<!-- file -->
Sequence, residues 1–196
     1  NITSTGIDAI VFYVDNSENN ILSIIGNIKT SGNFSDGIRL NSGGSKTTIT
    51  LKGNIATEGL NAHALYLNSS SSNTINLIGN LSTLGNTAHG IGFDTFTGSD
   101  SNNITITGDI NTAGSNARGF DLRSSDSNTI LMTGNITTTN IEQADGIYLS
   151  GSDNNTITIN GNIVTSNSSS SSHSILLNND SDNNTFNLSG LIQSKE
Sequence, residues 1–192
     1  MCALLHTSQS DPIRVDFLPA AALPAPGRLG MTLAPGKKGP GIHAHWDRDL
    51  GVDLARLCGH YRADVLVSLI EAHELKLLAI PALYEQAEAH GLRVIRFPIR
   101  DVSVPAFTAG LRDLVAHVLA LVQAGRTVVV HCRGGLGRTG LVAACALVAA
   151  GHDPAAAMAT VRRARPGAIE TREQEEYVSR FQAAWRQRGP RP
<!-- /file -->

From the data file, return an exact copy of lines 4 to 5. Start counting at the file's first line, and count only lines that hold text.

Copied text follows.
   101  SNNITITGDI NTAGSNARGF DLRSSDSNTI LMTGNITTTN IEQADGIYLS
   151  GSDNNTITIN GNIVTSNSSS SSHSILLNND SDNNTFNLSG LIQSKE